AIIB looks to be efficient, 'green'
Updated: 2015-04-20 05:45
By HUA SHENGDUN in Washington
China's Minister of Finance Lou Jiwei is interviewed by Chinese media while attending the World Bank/IMF Spring meetings in Washington on April 18. CAI CHUNYING / CHINA DAILY
The Asia Infrastructure Investment Bank (AIIB) will strive to be efficient, effective and sustainable, which is a consensus among members, China's Finance Minister said in Washington.
"In many international organizations, it often takes more than three to five years for a project to launch, which we should avoid," Minister Lou Jiwei said during an April 18 interview with major Chinese media organizations, including China Daily.
"We would not bureaucratize the AIIB," Lou said. "Instead, we need to be efficient and 'green'."
Lou is attending the G20 Finance Ministers and Central Bank Governors Meeting during this year's World Bank/IMF Spring meetings, along with Zhou Xiaochuan, governor of the People's Bank of China.
Lou stated that the AIIB would simplify the complicated governance structure that many international organizations are using.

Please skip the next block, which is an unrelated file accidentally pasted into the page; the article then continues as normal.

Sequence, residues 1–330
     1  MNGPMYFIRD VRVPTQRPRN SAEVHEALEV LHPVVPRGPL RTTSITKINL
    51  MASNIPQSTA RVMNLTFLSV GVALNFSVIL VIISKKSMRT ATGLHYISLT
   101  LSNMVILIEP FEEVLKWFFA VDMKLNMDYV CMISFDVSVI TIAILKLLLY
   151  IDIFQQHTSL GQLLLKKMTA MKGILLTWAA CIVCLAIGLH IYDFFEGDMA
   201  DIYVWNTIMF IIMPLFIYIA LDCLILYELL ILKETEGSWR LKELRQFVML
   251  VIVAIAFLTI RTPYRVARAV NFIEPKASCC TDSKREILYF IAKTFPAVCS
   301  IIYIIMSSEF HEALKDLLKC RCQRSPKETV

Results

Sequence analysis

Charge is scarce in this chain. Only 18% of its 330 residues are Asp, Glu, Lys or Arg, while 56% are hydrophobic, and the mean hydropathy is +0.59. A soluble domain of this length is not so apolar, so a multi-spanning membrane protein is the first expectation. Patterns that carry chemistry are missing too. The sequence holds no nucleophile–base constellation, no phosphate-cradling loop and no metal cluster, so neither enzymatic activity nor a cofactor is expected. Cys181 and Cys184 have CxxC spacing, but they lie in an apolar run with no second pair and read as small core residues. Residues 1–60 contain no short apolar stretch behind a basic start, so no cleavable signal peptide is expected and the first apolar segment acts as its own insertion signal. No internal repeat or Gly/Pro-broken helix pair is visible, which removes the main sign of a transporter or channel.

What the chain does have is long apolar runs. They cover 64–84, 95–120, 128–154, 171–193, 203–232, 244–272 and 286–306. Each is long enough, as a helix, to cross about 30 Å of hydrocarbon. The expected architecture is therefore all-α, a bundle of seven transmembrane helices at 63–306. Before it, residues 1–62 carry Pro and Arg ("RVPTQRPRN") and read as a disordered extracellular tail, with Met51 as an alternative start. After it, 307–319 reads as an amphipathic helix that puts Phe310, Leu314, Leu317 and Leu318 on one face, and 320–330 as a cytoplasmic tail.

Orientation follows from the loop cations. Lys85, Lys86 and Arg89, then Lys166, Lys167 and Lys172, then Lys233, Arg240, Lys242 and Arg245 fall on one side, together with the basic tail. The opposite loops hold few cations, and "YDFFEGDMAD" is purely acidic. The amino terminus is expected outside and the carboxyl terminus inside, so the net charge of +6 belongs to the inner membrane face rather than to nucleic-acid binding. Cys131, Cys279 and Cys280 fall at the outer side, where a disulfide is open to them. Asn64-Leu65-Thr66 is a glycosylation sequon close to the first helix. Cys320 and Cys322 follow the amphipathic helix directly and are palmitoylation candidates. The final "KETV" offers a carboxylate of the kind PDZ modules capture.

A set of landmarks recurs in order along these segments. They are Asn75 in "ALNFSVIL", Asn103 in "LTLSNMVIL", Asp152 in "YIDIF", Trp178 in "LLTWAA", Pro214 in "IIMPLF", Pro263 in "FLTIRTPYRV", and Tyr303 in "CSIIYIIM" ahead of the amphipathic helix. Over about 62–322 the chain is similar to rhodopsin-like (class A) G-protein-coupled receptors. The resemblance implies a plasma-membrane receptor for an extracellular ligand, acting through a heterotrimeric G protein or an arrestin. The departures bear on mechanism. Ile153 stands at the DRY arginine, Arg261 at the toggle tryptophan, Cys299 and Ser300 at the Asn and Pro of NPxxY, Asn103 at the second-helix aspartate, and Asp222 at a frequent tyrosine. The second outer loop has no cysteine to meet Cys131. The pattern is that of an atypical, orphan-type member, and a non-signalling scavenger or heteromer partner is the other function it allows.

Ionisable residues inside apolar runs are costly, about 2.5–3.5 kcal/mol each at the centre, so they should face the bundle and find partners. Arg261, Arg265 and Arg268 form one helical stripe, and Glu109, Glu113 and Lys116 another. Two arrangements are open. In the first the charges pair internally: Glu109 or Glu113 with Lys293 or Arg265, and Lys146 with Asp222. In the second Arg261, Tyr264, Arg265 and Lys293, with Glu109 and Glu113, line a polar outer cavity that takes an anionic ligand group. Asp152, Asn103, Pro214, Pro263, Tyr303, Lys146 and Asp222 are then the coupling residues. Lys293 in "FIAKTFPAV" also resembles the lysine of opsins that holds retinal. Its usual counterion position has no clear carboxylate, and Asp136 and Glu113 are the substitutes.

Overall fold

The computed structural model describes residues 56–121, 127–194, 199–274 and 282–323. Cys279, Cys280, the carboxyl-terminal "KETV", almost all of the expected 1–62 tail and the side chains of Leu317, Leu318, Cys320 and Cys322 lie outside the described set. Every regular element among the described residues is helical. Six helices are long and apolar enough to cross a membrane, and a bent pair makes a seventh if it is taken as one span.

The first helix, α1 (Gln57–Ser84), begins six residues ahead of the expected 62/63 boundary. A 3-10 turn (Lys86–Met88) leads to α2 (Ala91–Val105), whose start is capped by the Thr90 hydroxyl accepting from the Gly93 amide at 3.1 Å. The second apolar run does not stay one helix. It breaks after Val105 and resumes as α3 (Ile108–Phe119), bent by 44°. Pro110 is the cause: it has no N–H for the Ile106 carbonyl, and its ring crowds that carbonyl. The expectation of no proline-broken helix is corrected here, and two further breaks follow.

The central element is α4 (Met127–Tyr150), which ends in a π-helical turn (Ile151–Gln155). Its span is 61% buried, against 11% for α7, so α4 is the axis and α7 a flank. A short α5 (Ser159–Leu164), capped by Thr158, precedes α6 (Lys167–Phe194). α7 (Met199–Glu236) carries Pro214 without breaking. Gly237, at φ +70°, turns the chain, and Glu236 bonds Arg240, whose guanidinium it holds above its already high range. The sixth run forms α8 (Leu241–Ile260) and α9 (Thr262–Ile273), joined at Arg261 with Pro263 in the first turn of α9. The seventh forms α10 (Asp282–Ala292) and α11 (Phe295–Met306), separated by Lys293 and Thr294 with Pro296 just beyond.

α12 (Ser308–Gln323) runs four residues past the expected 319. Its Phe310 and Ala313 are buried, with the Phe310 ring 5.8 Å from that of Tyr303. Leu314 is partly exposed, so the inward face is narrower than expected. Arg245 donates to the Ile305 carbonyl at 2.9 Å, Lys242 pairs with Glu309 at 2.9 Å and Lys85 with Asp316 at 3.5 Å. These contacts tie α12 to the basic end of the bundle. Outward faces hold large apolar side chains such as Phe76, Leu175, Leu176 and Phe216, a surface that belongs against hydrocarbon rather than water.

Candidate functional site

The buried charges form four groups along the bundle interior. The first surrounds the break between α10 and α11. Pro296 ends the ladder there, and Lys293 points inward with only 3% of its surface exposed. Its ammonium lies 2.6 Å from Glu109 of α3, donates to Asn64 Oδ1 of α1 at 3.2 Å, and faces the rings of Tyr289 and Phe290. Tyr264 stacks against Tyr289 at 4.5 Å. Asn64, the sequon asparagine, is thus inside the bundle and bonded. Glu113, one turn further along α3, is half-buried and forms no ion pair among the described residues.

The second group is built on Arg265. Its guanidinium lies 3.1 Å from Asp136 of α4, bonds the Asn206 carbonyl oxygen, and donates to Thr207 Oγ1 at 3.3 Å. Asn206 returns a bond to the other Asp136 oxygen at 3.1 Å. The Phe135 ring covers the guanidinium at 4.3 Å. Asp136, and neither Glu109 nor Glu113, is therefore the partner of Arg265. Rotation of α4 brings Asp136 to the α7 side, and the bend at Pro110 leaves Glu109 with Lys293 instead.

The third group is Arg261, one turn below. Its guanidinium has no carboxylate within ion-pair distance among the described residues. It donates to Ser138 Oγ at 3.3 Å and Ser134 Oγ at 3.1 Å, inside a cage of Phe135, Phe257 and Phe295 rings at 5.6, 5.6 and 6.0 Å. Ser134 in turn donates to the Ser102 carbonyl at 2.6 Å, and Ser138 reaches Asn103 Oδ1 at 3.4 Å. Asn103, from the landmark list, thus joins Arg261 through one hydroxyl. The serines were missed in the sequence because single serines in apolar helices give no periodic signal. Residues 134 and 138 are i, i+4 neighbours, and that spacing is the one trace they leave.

He said the key lies in "the principal-agent relationship between shareholders and managers", in which the governments would be the "shareholders", while "managers" are the appointed president and staff in the new bank.
"The principle above all is that managers should be accountable to shareholders, while shareholders should have restricting power on managers through the board of directors," said Lou, who, before taking the current position in 2013, was chairman and CEO of China Investment Corp, a sovereign wealth fund responsible for managing part of China's foreign exchange reserves.
Lou said that dealing with and gathering many nations in one bank is not necessarily complicated. Members would be divided into two categories: regional members and non-regional members.
The regional members would have 75 percent of capital stock, while non-regional members get the other 25 percent. The allocation among regional members would primarily be based on weighted GDP, with large economies transferring part of their voting power to small economies; non-regional members could decide allocation by themselves, Lou said.
When asked about economic growth in China, Lou said that as long as China's total factor productivity (TFP) increases, its economy would grow more than what the IMF had forecast.
"If major reforms will be continuously put into effect, we can keep the economic growth around 7 percent," Lou said.
The IMF released the World Economic Outlook (WEO) on April 14, forecasting economic growth of 6.8 percent in China this year and 6.3 percent in 2016r.
Lou said many substantial reforms in China are ongoing, such as Hukou reforms, the policy on transfer of management rights of contracted rural lands, and the establishment of Circuit Court, which gives him reasons to be optimistic about the growth of the Chinese economy.
"I am not sure whether the IMF put these reforms into calculation; if so, I am confident that the percentage would be higher," he said.